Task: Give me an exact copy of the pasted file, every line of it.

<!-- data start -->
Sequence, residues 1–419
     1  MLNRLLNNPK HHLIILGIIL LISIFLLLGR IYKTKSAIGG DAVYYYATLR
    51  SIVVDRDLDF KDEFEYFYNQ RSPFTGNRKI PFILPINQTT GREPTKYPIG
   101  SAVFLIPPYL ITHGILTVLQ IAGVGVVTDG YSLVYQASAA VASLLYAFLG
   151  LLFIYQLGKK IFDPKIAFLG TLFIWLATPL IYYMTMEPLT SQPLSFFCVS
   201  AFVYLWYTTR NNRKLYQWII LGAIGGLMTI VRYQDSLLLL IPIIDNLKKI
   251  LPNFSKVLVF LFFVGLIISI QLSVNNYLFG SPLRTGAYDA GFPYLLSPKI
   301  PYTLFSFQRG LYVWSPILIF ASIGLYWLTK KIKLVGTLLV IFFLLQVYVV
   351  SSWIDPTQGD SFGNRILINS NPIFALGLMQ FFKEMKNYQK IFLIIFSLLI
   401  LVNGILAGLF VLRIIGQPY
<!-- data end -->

Sequence, residues 1–419
     1  MLNRLLNNPK HHLIILGIIL LISIFLLLGR IYKTKSAIGG DAVYYYATLR
    51  SIVVDRDLDF KDEFEYFYNQ RSPFTGNRKI PFILPINQTT GREPTKYPIG
   101  SAVFLIPPYL ITHGILTVLQ IAGVGVVTDG YSLVYQASAA VASLLYAFLG
   151  LLFIYQLGKK IFDPKIAFLG TLFIWLATPL IYYMTMEPLT SQPLSFFCVS
   201  AFVYLWYTTR NNRKLYQWII LGAIGGLMTI VRYQDSLLLL IPIIDNLKKI
   251  LPNFSKVLVF LFFVGLIISI QLSVNNYLFG SPLRTGAYDA GFPYLLSPKI
   301  PYTLFSFQRG LYVWSPILIF ASIGLYWLTK KIKLVGTLLV IFFLLQVYVV
   351  SSWIDPTQGD SFGNRILINS NPIFALGLMQ FFKEMKNYQK IFLIIFSLLI
   401  LVNGILAGLF VLRIIGQPY